Gender Inequality

Around 4,900 young women become infected with HIV every week. That’s one new infection every two minutes. Women often face more significant barriers to sexual health care than men, leaving them at a greater risk of contracting HIV. 

The Equality Gap

Gender inequality makes it harder for women to receive proper sexual education and health care or negotiate condom use with a sexual partner. This is one reason why women and girls make up more than half of all people currently living with HIV.

What You Can Do:

Stand up for gender equality. At home, at school, and in the world at large.


Gender Inequality

What is gender inequality? Gender inequality is the uneven distribution of power, money, and personal agency between genders. This limits women’s ability to access sexual health services and protect themselves from HIV transmission.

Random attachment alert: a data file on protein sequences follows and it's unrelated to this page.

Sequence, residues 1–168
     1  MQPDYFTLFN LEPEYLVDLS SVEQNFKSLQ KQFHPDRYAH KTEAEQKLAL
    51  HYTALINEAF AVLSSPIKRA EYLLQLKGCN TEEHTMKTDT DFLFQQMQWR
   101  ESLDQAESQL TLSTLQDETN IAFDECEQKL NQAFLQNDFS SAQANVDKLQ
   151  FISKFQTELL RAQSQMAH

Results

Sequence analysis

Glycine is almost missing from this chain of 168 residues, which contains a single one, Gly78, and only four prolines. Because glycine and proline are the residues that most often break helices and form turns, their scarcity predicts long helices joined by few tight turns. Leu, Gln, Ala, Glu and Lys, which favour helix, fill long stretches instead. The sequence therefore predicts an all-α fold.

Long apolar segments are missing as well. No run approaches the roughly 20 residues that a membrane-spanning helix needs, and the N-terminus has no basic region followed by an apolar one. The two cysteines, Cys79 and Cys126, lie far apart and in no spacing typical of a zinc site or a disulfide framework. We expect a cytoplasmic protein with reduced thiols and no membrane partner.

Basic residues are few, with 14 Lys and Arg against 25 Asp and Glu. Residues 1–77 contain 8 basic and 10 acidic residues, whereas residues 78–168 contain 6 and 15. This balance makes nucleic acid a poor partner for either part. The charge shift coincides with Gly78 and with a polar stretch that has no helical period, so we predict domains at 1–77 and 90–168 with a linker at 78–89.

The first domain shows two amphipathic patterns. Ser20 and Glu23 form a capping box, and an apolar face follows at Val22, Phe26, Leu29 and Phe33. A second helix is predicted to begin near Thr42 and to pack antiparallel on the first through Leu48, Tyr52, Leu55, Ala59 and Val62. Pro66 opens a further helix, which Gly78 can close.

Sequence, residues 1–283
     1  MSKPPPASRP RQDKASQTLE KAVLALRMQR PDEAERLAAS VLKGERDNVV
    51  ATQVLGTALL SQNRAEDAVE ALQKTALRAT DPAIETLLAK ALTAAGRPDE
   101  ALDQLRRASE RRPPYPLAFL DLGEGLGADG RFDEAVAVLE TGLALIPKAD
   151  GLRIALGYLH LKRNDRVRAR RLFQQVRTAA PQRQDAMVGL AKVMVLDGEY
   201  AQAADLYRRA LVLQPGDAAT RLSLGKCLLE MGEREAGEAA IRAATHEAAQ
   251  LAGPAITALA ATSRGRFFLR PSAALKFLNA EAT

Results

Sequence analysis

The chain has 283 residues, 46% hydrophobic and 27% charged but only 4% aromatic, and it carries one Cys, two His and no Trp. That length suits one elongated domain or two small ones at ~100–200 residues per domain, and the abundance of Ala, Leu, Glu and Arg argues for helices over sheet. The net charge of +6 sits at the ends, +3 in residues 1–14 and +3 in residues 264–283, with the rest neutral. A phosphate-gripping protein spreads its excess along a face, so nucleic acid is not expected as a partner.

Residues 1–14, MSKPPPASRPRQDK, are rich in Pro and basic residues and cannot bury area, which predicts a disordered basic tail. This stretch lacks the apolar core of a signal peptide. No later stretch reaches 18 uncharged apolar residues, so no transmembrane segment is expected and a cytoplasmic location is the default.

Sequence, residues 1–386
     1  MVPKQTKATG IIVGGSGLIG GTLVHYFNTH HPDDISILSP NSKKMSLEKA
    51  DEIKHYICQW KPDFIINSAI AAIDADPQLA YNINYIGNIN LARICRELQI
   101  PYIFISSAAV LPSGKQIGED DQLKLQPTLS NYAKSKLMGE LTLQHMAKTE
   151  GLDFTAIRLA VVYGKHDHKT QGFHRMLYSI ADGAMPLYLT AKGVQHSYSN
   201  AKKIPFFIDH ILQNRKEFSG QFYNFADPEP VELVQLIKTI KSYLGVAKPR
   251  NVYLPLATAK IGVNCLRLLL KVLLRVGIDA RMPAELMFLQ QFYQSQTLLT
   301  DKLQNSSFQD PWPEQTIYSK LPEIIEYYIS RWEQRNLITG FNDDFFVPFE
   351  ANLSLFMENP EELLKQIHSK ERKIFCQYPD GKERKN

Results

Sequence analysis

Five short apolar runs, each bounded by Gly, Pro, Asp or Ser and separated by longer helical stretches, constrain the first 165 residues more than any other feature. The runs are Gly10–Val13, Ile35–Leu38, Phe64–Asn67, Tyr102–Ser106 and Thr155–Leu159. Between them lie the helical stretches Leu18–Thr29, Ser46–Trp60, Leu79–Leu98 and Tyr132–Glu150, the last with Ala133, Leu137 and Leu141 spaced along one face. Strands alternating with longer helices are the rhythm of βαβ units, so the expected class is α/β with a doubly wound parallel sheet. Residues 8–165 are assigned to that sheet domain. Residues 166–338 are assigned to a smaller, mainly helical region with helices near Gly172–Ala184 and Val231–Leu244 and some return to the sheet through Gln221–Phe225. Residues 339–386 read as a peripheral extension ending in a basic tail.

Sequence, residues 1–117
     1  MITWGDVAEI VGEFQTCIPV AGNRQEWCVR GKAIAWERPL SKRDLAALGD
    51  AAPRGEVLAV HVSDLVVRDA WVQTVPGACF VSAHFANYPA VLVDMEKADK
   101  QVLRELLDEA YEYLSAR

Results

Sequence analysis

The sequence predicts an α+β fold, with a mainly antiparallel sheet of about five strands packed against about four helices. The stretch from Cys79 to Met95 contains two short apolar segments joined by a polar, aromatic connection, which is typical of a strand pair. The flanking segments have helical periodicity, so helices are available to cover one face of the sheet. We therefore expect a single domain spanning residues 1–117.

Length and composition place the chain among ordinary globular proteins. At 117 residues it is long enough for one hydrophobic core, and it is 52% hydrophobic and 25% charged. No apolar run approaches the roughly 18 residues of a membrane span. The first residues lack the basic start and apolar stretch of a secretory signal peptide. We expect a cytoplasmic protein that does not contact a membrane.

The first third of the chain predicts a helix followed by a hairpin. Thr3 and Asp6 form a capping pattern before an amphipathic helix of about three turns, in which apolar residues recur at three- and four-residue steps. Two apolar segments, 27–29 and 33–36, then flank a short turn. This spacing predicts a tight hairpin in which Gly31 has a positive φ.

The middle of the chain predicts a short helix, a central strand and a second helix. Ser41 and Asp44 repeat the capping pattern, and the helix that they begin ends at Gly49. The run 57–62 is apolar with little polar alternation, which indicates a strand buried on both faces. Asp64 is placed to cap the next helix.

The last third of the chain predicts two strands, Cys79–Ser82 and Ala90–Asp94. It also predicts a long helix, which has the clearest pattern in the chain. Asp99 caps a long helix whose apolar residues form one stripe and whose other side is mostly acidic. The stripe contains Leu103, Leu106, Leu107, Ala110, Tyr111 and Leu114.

What are “gender norms”? Gender norms are cultural and institutional expectations for how individuals should behave based on their gender. They describe attributes, roles, activities, and responsibilities connected to being male or female. Gender norms are continuously enforced and established in everyday interactions, but they can also be negotiated, resisted, and redefined.

Where are unequal gender norms, and what impact do they have? Unequal gender norms tend to be more prevalent in low-income societies and often lead to higher-risk sexual behavior. Adolescents are particularly impacted. Gender-based violence can reduce women’s access to health care, lower their quality of care, and make them more vulnerable to some diseases. 

HIV is the main cause of death for women of fertile age living in sub-Saharan Africa. Women here may face restricted mobility or lack the knowledge they need to seek treatment actively. Those living with HIV fear stigmatization and gender-based violence.

Does better gender equality improve sexual health? Evidence shows that more egalitarian gender norms (better gender equality) are related to positive sexual health outcomes such as the use of contraceptives, positive sexual experiences, and open communication about sex between partners and couples.